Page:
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  4. Cognitive dissonance is a bear. It makes people say some stupid, hateful things.

    I never picked fights on sites like this after I started reading books criticizing mainstream psychiatry, but I was pretty uncomfortable for a few years till I decided to leave the system. Now I need to leave my scapegoating family and risk being disowned. Not much to inherit really. But I will be out in the cold–at least figuratively.

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  5. My codependent, emotionally abusive mom still thinks I’m on my brain drugs and going to the MI Center she picked out. Whining for me to sign papers to access my records so she can put me in a home. Even if I had these therapy records I wouldn’t hand them over to her.

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  6. Peer is a great job because it’s privilidge to help others but also because for many peers its re entry to working again. Service to others is healing.

    I would say though that many people who comment would not be hired because of their all or nothing views.

    It’s not professional to model that to others because your placing your views on them when they dont ask for it. If they want to know or ask you then that’s unique scenario and it can be done, but good idea to use ethics and be respectful not to push your views.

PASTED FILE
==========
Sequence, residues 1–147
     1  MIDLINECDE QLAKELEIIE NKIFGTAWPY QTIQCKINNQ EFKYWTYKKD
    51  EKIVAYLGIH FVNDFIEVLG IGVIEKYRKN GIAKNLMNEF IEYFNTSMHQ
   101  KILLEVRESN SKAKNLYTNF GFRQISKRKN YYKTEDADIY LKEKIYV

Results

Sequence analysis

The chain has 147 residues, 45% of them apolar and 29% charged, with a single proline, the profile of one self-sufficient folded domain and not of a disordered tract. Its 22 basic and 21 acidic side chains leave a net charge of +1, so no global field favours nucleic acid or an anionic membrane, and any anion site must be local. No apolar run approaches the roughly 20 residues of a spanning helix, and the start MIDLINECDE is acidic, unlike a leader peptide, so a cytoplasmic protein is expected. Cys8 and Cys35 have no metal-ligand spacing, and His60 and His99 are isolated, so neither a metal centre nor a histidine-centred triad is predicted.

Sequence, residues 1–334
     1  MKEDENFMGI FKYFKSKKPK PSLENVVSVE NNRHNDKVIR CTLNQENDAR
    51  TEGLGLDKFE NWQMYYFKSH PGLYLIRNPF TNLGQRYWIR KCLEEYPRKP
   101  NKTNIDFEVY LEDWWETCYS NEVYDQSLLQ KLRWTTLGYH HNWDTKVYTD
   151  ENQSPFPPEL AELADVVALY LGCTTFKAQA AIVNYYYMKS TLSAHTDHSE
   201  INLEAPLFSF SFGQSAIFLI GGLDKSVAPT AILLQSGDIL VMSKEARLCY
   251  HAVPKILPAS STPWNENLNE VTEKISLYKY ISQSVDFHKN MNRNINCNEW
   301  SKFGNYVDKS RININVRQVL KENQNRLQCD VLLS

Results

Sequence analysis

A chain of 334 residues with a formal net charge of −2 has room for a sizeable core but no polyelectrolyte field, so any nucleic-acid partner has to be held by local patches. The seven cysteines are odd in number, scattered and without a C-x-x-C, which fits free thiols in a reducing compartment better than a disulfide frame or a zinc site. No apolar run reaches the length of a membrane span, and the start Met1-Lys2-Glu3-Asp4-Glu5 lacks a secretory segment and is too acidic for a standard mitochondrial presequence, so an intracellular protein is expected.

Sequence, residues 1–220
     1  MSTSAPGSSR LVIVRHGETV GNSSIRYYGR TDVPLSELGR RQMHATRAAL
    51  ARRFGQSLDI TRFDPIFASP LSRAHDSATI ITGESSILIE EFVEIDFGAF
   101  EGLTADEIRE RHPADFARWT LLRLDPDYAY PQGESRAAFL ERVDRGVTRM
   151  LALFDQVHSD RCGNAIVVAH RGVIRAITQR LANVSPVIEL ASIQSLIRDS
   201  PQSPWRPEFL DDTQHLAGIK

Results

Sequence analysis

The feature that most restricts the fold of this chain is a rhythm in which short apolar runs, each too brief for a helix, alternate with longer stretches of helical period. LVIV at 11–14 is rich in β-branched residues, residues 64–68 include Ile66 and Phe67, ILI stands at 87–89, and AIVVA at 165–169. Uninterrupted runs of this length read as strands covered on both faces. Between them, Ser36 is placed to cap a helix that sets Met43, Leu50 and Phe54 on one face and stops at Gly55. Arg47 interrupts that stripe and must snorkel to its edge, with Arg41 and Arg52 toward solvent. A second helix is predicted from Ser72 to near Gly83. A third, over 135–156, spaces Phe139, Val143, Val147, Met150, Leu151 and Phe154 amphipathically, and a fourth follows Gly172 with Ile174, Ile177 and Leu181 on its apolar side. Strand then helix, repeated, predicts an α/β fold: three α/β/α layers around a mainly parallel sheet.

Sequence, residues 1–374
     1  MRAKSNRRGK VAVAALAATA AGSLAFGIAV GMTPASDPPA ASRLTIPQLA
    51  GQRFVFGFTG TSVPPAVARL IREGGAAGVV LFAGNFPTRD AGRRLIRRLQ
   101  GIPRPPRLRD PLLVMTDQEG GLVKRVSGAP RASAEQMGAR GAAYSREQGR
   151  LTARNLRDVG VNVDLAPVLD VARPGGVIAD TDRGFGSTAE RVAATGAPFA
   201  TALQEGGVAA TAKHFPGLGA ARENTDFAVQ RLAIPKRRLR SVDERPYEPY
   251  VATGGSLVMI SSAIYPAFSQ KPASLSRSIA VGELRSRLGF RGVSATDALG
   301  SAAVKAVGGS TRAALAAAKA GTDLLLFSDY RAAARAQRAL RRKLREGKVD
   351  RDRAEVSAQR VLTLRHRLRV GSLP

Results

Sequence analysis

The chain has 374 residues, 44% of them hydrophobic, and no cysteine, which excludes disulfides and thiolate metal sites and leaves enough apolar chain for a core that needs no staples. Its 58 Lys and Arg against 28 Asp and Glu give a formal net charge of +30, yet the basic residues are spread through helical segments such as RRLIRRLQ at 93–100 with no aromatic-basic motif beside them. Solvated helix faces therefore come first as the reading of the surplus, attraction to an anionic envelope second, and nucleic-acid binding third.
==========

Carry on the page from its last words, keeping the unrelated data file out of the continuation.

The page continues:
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    • It seems a shame that the same kind of thinking (not hiring all-or-nothing thinkers) does not apply to the “professional” staff in our hospitals and mental health institutions. It seems that “placing your views on others when they don’t ask for it” is allowable only for those who have degrees and sufficient power in the system.

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    • I think that depends on what the individual peer and the organisation that employs them.

      Peer support where I live does just what the employer tells them.

      I would not be employed as a peer at my local day centre as I would be doing pretty much what PatH1980 suggests.

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    • Slayer,

      There’s NO more MONEY in the drugs and people are beginning to ask questions such as :-